Scoliosis is a curvature of the spine that causes both the spine and ribcage to rotate. As a result of this, the shoulders, trunk and hips are often asymmetrical. This can lead to muscular and/or joint pain, loss of confidence and early wear and tear, or osteoarthritis.
Scoliosis comes from the Greek word skolios, meaning twisted or crooked. There are two types of scoliosis – structural (a fixed curve that doesn’t straighten out when bending) and a non-structural scoliosis (a non-fixed curve that straightens with bending and is often due to a leg length deficiency or poor postural habits).
The cause of a large proportion of scoliosis is unknown. Approximately 30% of scoliosis appears due to genetic defect (funny shaped vertebra and rib malformations). Many more girls than boys are diagnosed with scoliosis and are usually between the ages of ten and skeletal maturity (around age 21).
Other causes of scoliosis include nerve or muscle disease, infection, radiation, trauma, tumour and arthritic joint disease. If you are interested, you can read a more detailed account in my best-selling book, The Posture Doctor.
If you are worried that you or your child may have a scoliosis, there are a few signs you should look for:
5 Clinical Signs You Have a Scoliosis
1. One shoulder is noticeably lower than the other. Look in the mirror or have someone else check from behind.
2. Rib prominence causes your shoulder blade to protrude or one breast appears noticeably larger.
3. One hip may appear elevated with asymmetrical body contours.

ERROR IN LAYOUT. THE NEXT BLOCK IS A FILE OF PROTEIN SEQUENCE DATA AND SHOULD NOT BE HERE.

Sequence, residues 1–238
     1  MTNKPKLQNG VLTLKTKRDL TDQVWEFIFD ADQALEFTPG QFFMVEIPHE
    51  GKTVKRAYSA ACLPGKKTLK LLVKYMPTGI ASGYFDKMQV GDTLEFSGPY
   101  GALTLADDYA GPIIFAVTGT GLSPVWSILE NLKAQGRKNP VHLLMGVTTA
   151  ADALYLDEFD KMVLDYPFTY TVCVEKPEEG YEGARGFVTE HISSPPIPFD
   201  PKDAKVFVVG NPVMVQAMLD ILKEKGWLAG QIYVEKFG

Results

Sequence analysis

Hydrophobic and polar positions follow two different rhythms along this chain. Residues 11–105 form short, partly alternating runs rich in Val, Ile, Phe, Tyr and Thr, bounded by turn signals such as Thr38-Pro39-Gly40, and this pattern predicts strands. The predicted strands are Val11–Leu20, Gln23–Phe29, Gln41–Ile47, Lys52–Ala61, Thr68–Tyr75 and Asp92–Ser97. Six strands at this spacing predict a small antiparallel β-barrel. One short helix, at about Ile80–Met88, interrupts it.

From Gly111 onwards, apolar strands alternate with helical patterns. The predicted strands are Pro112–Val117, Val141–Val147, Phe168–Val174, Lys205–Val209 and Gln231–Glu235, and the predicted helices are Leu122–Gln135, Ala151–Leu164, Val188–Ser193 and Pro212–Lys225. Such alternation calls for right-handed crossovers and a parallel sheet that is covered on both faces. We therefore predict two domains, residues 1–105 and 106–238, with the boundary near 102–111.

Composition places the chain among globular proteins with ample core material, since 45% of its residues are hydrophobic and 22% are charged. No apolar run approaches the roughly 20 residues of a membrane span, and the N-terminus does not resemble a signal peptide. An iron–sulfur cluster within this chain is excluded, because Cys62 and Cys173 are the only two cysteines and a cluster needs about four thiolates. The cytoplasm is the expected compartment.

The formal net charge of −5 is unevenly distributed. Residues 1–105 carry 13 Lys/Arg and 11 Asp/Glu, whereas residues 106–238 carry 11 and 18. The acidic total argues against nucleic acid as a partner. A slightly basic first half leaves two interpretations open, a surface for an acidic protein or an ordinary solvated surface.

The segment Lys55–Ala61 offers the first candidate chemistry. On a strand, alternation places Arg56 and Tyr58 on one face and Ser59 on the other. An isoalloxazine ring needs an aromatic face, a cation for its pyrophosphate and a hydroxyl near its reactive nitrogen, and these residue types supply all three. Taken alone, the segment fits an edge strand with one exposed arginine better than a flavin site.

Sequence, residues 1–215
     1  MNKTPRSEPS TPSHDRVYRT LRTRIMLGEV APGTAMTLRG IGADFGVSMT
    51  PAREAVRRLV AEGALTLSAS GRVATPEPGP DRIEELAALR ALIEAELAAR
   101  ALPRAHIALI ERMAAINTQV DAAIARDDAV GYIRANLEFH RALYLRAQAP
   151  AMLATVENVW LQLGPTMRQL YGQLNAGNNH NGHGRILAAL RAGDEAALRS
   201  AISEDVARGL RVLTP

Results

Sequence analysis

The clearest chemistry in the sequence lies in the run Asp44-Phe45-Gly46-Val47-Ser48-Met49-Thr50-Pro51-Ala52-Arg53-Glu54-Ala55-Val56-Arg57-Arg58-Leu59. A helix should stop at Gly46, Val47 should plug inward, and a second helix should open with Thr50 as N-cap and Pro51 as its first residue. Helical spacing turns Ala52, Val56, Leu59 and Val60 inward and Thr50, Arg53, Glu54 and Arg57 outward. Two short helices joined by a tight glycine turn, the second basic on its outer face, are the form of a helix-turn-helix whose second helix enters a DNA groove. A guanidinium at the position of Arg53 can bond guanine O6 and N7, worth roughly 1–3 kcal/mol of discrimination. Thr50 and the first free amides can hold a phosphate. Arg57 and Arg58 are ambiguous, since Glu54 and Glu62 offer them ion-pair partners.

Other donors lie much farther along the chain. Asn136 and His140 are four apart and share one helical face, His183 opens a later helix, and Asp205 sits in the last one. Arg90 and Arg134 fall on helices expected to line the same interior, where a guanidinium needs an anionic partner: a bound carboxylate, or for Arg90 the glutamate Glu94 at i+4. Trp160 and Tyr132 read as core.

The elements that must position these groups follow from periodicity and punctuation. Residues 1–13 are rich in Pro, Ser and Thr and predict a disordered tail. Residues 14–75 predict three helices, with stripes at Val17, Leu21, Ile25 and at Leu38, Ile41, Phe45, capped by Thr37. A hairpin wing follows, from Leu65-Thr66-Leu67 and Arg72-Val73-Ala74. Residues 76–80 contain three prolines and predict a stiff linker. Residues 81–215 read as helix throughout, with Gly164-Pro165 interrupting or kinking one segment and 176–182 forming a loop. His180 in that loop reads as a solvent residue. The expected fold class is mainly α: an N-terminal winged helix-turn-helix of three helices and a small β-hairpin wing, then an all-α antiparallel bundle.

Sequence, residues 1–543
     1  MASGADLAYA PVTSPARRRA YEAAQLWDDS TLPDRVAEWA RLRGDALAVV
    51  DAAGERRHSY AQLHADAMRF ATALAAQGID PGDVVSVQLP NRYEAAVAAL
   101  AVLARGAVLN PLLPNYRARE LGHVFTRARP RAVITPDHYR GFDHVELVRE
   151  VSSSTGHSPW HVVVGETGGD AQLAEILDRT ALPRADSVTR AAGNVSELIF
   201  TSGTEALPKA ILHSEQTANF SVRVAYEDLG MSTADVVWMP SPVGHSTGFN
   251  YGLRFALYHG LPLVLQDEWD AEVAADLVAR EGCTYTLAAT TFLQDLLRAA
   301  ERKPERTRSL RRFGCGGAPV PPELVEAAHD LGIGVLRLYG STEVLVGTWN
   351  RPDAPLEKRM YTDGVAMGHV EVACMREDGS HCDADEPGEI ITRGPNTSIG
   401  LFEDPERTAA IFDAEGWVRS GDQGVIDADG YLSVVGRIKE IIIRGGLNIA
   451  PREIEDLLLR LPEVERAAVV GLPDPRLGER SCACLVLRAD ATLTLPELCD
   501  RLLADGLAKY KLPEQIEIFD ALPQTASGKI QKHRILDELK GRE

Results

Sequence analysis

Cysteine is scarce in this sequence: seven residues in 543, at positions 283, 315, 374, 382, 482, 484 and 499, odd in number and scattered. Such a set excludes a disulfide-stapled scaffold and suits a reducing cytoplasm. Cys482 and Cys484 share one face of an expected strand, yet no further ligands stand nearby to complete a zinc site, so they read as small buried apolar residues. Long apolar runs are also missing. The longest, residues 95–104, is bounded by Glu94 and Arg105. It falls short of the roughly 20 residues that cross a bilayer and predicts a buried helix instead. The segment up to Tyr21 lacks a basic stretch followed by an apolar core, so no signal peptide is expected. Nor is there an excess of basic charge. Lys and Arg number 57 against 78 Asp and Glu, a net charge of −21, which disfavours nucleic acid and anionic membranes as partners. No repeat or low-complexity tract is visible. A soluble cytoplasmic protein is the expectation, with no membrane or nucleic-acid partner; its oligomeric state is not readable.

4. A noticeable difference (asymmetry) in skin creases appear on your flank.
5. Something just doesn’t look right.
I can’t stress this sign enough. So many of my clients come to me asking for a Posture Analysis saying ‘something just doesn’t look right when I look in the mirror.’ Human beings are bilaterians. That means that we are the same (symmetrical) on either side of our central axis or centre of gravity. We have two ears, two eyes, two arms, two legs, two kidneys, two ovaries etc. This is nature’s clever design. Symmetry is perceived as being more attractive.
Symmetry has been extensively studied in relation to attractiveness and what we do know is that symmetry is a visual cue for attractiveness. Chances are that if you think something is really wrong with your posture (which shows up as body asymmetry) when you look in the mirror, you are probably right, because it makes you feel less attractive. This is why we like ourselves in some photographs but not in others. The photos that catch our differences in symmetry are the images that make us cringe.
Of course attractiveness is only one of many good reasons to improve our posture. Why do you think your might have a scoliosis?